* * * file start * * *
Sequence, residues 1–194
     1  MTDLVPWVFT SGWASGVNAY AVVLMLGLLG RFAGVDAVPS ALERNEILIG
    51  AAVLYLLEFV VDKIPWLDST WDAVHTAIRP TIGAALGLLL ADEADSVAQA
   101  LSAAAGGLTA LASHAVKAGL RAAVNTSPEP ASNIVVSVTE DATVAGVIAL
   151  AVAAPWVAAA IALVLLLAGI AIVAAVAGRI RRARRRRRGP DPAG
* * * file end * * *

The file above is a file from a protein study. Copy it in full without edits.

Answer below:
Sequence, residues 1–194
     1  MTDLVPWVFT SGWASGVNAY AVVLMLGLLG RFAGVDAVPS ALERNEILIG
    51  AAVLYLLEFV VDKIPWLDST WDAVHTAIRP TIGAALGLLL ADEADSVAQA
   101  LSAAAGGLTA LASHAVKAGL RAAVNTSPEP ASNIVVSVTE DATVAGVIAL
   151  AVAAPWVAAA IALVLLLAGI AIVAAVAGRI RRARRRRRGP DPAG